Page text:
Brooks McNamara, Theater Historian, Is Dead at 72

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Brooks McNamara, a theater historian who shepherded a vast and disorganized array of letters, photographs, scripts, sheet music, set and costume designs, business records and other memorabilia into a valuable historical collection known as the Shubert Archive, died on May 8 in Doylestown, Pa. He was 72 and lived in Doylestown and Manhattan.

The immediate cause was pneumonia, said his wife, Nan. Mr. McNamara had been suffering from sporadic cerebellar ataxia, a degenerative nerve disorder.

The Shubert Archive was established in 1976 after the Shubert Foundation, the nonprofit entity that officially controls the theater-owning Shubert Organization, asked Mr. McNamara to appraise a mountain of material stored in Shubert theaters in New York and nationwide.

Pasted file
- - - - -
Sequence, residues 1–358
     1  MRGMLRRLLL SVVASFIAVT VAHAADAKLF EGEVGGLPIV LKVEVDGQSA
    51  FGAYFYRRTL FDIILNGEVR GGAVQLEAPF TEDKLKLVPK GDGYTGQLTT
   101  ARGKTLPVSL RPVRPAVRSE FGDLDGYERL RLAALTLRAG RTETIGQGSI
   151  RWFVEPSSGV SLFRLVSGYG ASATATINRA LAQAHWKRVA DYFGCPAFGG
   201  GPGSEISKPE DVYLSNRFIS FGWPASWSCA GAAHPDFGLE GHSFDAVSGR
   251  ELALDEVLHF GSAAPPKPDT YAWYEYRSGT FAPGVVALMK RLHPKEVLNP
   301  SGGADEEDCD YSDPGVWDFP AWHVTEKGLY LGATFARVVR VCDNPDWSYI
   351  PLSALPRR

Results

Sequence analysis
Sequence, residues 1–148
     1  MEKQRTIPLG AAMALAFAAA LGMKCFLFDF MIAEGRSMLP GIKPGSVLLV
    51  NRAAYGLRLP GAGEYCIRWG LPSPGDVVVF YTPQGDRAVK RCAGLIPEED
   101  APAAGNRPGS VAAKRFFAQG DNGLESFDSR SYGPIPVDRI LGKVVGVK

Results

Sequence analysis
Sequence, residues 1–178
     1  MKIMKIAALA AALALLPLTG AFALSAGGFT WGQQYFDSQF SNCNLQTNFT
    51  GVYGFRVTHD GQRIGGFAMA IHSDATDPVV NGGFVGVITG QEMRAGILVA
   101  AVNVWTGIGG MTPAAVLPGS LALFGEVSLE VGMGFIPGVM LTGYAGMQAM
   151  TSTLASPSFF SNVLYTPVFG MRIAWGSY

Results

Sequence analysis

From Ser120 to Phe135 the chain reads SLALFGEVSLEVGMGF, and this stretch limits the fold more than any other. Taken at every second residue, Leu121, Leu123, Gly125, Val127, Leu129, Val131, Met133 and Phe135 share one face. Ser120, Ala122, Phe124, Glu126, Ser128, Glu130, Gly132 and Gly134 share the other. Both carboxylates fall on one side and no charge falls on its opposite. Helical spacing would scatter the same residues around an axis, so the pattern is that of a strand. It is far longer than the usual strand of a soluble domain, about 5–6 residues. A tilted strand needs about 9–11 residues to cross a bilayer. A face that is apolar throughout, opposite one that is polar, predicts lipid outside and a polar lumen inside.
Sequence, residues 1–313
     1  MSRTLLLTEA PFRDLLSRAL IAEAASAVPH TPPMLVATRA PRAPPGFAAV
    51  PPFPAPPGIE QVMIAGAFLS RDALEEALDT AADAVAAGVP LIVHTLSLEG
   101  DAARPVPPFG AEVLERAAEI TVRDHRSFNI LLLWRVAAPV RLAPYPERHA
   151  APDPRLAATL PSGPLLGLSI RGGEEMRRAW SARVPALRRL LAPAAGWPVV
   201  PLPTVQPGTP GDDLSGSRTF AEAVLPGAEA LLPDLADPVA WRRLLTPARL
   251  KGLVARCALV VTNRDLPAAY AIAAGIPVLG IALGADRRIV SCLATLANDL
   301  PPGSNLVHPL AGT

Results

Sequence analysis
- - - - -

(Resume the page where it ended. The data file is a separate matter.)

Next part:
Over the next decade, Mr. McNamara, who was then a professor of performance studies at New York University, along with an archivist, Brigitte Kueppers and some 80 graduate student interns, worked to identify, catalog and store the reams of items that chronicle the 20th-century history of the nation’s most prominent theater organization.

The archive includes about six million items and is especially strong in documenting the period from 1900 to 1940. Housed in the Lyceum Theater on West 45th Street, it was opened to scholars and researchers in 1986. Mr. McNamara continued as its director until his retirement in 1999.

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